From the perspective of cost-effectiveness, quickly available gas turbine power stations for the minutes reserve power are just as inefficient as shutting down wind farms. On the one hand, electrical energy is generated with a high percentage of primary energy usage, while on the other the available kinetic energy of the wind is not utilized. In view of this dilemma, Dr. Rüdiger Meyer sees very good prospects for equipping existing wind farms with energy storage systems on an industrial scale. “If we combine wind farms with large-scale storage systems, the load distribution in the grid can be buffered. By having their own storage system, the wind turbines can therefore remain in the wind and generate energy when the grid is full”. In the opposite direction, power can be called up from the storage system even if there is no wind, which would also give the units an important role in grid stability.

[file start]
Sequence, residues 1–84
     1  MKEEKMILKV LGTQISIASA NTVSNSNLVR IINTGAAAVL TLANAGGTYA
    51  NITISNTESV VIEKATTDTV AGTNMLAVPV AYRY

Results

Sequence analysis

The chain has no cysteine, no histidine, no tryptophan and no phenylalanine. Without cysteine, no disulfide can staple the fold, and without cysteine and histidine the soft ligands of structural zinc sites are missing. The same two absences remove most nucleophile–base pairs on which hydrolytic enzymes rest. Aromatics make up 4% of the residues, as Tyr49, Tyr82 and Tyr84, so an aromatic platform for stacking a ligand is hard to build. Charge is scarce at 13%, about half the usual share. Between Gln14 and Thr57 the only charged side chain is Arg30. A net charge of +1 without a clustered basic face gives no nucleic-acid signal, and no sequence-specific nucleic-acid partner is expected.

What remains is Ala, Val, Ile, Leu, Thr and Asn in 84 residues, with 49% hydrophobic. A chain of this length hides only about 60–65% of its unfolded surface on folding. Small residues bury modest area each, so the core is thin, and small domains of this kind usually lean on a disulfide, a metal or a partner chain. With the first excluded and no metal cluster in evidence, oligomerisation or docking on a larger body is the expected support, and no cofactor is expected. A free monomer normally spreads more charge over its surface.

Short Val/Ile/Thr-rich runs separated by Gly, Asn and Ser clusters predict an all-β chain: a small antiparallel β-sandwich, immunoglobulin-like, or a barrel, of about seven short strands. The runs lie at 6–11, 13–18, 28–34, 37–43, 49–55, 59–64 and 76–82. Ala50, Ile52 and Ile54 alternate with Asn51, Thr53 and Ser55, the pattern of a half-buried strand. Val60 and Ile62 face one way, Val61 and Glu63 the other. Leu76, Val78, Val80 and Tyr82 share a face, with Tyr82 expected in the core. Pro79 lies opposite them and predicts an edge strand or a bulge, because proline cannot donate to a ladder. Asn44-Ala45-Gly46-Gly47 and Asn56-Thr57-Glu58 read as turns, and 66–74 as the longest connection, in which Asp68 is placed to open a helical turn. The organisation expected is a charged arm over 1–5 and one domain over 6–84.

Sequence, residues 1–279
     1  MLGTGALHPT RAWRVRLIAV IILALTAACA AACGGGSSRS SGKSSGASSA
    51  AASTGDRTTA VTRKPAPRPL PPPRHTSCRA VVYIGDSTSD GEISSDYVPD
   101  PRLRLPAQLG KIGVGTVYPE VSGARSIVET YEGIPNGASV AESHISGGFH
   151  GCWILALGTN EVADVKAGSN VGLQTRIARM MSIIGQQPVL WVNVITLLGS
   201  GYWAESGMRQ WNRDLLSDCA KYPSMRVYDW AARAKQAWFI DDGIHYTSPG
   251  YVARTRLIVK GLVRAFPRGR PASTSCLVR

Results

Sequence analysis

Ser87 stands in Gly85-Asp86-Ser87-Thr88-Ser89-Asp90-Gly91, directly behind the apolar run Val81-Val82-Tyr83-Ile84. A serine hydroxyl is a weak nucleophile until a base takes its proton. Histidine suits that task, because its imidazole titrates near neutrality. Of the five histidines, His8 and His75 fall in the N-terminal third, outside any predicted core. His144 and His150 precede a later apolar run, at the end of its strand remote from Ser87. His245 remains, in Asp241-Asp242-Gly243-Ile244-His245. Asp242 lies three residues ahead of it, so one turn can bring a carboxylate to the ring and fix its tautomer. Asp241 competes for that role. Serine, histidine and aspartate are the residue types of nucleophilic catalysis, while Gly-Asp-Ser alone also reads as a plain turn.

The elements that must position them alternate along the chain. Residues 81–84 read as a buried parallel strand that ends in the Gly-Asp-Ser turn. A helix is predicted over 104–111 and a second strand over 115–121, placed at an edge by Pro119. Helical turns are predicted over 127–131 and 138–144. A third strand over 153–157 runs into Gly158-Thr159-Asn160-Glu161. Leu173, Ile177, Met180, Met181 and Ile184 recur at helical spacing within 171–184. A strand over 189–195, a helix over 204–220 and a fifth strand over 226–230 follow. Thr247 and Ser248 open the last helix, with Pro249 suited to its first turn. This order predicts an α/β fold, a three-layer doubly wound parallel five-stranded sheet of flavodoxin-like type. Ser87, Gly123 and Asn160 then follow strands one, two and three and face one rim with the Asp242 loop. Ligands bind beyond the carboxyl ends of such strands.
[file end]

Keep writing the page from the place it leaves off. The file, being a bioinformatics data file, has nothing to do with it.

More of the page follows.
Smoothing peak loads and earning money at the same time

And this is exactly where new fields of activity are developing in the direction of “repowering” for wind farms with earlier years of construction. The combination with storage systems based on lithium-ion batteries or redox-flow cells makes a valuable contribution to grid stability. In addition, they open up new earnings opportunities for operators – through arbitrage transactions. Here, the strongly fluctuating electricity prices have an effect on the spot market. The storage system absorbs the wind power during low tariff times and releases it again at higher prices in the event of peak loads that occur temporarily. This economic model is undoubtedly monetary motivated, but it shows that power generation and energy consumption can be temporally separated with the help of storage systems. This decoupling therefore brings new opportunities for sector coupling on the path to the All Electric Society.